One of the most important things to address first is what your company needs to monitor. Monitoring everything is pointless because it creates too much noise, making it impossible to see urgent alerts when they come through. Instead, you need to monitor the most critical infrastructure, applications, and services within your organization. Think about an application or data source that you simply cannot operate without and start there. Next, think about the public-facing services you have, such as websites, login portals, and email. Without customer interactions, your company could be in serious trouble, so definitely consider investing time and effort into monitoring those systems.
Also, think about those services that are out of your control, like the messaging platforms we mentioned earlier. Developing relationships with these providers is beneficial because you can receive enhanced communications when services are down, or scheduled to go down for maintenance, and many other scenarios where outages are possible. This gives you time to manage your own customers' expectations and prepare them for any downtime or unavailability. Better yet, maybe you can set up an alternative before an outage occurs, making for a much better customer experience.
Measuring the Success of an On-Call Plan
Anything that is important to running a business must be measured, and your on-call plan is no exception. To prove value and efficacy, you need to gather data about the systems you have in place. The most obvious measurable metric is the downtime numbers before your system was put in place, and the resulting months following after it was implemented. This is a clear indicator of how things are or aren't working. You need to speak with management and set clear definitions about what will be measured, how it will be measured, and in what time frames you will measure the stats for.
Next, you have to figure out how to implement the system with minimal impact to the business and show which metrics you will be collecting and monitoring ahead of time. Once you have ironed out all of those details, then you can start with your planning phase.
Before you can start implementing the systems in a live environment, you need to make sure that everything will work as intended once you set everything up. There is only one way to iron out potential bugs, and that is by testing out all the elements of your on-call plan. This can happen during office hours so that all the teams that are supporting the plan are reachable and available to make any tweaks or changes while you go.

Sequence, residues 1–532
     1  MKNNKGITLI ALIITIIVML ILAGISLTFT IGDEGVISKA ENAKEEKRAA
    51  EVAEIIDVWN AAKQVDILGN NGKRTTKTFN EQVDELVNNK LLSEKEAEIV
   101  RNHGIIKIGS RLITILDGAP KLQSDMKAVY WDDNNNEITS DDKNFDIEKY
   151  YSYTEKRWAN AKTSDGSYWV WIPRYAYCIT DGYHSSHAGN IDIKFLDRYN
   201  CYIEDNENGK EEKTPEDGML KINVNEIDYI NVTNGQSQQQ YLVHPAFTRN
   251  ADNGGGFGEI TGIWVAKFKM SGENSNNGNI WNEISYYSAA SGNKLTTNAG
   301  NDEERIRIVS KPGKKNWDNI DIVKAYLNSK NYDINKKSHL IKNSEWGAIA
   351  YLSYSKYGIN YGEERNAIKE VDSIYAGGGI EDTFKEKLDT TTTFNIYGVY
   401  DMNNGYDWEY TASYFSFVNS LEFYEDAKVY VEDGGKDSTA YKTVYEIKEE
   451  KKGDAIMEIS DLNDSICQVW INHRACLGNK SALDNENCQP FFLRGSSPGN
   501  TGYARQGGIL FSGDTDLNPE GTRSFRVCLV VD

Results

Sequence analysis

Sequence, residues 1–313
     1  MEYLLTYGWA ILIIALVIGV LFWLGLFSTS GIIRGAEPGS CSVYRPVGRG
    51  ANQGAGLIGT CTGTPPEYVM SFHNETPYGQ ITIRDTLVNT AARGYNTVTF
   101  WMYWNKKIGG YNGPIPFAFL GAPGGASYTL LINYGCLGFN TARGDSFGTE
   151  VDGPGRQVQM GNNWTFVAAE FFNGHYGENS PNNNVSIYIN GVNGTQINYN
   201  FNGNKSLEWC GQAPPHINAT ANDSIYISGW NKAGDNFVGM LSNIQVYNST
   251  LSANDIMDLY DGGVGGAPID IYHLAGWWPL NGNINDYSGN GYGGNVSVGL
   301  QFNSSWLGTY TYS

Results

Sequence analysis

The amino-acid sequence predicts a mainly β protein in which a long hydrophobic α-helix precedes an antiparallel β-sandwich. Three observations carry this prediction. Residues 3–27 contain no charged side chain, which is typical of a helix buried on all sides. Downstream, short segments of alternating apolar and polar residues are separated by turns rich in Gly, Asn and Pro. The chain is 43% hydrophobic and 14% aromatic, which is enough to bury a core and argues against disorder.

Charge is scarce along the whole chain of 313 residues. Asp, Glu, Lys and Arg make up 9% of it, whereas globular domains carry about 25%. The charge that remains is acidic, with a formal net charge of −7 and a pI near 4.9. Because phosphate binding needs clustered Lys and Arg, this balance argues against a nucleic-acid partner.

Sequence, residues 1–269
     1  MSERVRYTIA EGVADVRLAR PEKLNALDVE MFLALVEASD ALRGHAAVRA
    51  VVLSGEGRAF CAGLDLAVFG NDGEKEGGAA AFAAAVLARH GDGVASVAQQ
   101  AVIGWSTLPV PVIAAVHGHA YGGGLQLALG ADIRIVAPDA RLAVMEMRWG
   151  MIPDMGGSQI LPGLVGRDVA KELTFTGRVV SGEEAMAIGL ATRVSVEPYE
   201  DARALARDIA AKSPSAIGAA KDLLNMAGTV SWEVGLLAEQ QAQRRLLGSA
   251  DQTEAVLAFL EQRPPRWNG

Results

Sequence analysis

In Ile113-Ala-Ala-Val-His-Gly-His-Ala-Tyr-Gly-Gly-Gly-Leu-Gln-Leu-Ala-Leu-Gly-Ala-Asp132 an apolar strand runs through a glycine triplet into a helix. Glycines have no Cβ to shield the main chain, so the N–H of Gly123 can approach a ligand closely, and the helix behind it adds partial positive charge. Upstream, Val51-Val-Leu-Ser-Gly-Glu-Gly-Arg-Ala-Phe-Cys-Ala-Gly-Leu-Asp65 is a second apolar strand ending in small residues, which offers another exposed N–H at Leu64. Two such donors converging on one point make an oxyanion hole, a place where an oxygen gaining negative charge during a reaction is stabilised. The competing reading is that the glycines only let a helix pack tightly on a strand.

Once you are satisfied that tickets are routing correctly, notifications are being sent out, and all the other steps are working, then you can move to a proper after-hours test. You need to see how the on-call plan works on your network.
At this stage, it is important to get as much feedback from your team members as possible. They are going to be the ones relying on the system, so you need to get them to a place where they are confident that they won't miss any alerts and that the system will not be too intrusive when they are on-call. You will also need feedback from the executive team, your marketing and sales teams, and even your product managers and owners. You need to have a company-wide consensus about how the system works, what it can do for each department and team, and how it will ultimately improve productivity and stability for the business.
Once you are satisfied that everything is working as it should, then you can start to roll out your on-call plan!
So far, we have learned quite a few things about how to set up a proper on-call solution. In order to have a notification system that alerts your on-call staff, you need an integrated ticketing system that can receive alerts from your systems.
This means that you need to have a monitoring solution in place to check on system health and any other important metrics. There are many moving parts to an on-call solution, so you really need to do your homework in order to succeed.
It is important to map out your on-call plan and drill down into the issues you are trying to solve. Once you have everyone's input and approval, then you can really start with your preparations and get started with the process of implementation.
The more you prepare, the more likely you will be setting the company up for success — even if disaster strikes.